The Private Bank of England Corporation

Contrary to the stories we are told about the Bank of England (BoE), it is not "owned" by the Government. The BoE is a private corporation managed by its Court of Directors by virtue of the authority invested in the Court by Royal Charter.

The Government has no power to interfere in the BoE's "business”. This can only be done through amendments to its Charter, and the BoE must consent to make the Charter "anew”. BoE-related government legislation, such as the 1946 and 1998 Bank of England Acts, are legal constructs which the BoE permits.

The BoE allows the Government to create legislation that enhances its status as a private corporation, one with the "public" authority to make monetary policy—thus affording the BoE immense financial and economic power.


The BoE's Alleged Purpose

The BoE declares:

Our mission is to maintain monetary and financial stability for the good of the people of the United Kingdom. To do this, we provide safe, confidential and reliable banking and custodial services that underpin our responsibilities as banker to the UK Government.

The BoE provides services to the Government. It "acts" as the Debt Management Office's "agent" for settlement of its debt securities (government bonds). The BoE also "acts" as the UK Treasury's "agent”, holding its gold and other assets.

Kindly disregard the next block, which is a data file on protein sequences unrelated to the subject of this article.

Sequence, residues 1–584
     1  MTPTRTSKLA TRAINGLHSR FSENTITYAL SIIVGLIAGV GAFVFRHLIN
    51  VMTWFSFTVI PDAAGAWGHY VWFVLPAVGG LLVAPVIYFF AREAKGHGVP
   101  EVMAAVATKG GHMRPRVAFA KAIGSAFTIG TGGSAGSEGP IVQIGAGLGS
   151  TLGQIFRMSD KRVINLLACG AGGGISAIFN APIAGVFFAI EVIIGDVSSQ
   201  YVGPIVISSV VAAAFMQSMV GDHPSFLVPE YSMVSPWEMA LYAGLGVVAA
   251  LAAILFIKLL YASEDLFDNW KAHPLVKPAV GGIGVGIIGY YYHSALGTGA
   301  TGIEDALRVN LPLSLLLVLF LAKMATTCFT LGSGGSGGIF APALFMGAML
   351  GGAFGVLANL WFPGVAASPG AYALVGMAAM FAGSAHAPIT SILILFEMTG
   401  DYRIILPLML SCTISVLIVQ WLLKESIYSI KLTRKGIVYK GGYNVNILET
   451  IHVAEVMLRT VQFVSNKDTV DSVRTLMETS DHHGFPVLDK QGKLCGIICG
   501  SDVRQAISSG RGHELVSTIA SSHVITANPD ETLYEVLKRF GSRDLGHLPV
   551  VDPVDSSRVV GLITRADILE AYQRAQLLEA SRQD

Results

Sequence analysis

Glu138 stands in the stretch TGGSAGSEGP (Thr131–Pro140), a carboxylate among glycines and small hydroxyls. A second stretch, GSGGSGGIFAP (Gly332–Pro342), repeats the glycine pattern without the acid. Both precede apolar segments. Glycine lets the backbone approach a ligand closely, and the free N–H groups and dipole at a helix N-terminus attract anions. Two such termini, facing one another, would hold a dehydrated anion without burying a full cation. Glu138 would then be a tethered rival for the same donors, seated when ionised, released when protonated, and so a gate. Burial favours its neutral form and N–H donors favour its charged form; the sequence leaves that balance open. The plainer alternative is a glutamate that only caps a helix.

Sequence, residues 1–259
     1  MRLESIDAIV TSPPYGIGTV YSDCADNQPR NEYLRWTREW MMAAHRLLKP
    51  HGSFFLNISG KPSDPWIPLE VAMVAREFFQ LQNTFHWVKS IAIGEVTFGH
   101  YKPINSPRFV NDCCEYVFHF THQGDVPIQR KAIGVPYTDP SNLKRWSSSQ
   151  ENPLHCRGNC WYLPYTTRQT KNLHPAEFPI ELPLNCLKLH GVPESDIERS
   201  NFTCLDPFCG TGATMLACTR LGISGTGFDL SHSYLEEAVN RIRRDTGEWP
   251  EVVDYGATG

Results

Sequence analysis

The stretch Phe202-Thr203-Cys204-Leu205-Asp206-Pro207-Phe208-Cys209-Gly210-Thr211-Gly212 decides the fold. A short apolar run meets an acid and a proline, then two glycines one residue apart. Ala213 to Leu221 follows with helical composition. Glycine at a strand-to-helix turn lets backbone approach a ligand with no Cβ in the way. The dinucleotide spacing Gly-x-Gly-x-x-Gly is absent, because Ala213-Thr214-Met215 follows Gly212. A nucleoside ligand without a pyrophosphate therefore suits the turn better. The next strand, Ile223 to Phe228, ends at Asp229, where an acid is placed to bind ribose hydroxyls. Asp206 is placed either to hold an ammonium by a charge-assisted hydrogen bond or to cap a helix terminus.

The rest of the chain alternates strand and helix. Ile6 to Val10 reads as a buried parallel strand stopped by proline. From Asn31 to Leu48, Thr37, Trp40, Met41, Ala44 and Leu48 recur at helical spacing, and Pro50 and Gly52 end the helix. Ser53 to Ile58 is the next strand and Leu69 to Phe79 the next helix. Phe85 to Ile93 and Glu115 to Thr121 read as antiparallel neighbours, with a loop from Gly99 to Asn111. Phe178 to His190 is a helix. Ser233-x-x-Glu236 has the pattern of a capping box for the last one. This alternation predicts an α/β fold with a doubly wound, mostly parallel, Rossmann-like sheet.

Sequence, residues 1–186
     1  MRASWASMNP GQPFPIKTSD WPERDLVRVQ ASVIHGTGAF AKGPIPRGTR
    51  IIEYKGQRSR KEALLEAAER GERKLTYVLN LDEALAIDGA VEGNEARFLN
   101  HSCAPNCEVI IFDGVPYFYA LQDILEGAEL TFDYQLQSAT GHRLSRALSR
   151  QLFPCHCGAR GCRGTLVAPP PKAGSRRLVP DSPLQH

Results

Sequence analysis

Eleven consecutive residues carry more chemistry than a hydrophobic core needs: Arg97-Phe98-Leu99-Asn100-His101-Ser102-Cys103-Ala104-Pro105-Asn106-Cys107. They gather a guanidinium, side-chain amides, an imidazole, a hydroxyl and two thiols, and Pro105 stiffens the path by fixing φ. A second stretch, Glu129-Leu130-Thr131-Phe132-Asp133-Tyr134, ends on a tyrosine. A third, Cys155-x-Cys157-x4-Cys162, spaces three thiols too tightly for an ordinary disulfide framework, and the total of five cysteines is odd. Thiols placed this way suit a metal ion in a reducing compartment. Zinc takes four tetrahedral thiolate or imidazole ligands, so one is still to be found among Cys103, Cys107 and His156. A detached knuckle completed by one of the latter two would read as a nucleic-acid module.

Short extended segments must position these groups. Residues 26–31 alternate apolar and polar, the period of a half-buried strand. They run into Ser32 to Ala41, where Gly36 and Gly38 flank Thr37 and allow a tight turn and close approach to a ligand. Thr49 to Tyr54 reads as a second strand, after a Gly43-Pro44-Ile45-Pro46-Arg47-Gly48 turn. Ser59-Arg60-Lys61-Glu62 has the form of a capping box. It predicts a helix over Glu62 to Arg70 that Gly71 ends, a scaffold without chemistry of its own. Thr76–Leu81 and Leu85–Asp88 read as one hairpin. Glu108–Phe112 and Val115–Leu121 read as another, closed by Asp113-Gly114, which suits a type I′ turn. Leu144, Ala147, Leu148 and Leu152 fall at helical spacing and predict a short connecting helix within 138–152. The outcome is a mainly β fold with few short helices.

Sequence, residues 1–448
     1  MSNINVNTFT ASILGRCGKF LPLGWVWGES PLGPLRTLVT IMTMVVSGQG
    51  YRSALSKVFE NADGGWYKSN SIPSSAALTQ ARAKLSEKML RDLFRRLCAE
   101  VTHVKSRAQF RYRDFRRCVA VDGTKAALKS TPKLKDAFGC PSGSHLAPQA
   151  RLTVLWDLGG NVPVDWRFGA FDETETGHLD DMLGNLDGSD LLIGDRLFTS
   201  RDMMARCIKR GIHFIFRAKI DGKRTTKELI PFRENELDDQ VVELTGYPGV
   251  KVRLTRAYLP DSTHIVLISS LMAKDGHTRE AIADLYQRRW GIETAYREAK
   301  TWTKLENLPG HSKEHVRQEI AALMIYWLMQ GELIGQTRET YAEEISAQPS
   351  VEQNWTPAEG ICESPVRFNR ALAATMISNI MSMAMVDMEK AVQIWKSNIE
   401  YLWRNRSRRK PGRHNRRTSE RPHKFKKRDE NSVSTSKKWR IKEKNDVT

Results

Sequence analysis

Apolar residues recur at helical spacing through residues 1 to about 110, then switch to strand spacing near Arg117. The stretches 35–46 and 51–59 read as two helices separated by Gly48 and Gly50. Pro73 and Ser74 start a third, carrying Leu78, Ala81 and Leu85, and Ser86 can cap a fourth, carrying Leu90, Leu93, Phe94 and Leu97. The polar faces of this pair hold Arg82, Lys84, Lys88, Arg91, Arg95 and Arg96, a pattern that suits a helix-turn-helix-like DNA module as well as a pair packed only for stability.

The current governor of the Bank of England (BoE), Andrew Bailey, has blamed British inflation on many and varied people. He blamed workers and their unions for calling for wage increases. More recently, he blamed businesses for increasing prices, as they try to absorb the rising costs that result from inflation.

The BoE, like the Government, uses the Consumer Prices Index (CPI) to measure inflation. The CPI does not provide a true reflection of the real impact of inflation and only partially records the effect of inflation. Nor does the CPI tell us anything about the cause of inflation.

Inflation is primarily caused by the monetary policy that is firmly under the control of the BoE. In 1951, the economist Ludwig von Mises said:

Inflation, as this term was always used everywhere and especially in this country [the United States], means increasing the quantity of money and bank notes in circulation and the quantity of bank deposits subject to check. But people today use the term “inflation” to refer to the phenomenon that is an inevitable consequence of inflation, that is the tendency of all prices and wage rates to rise.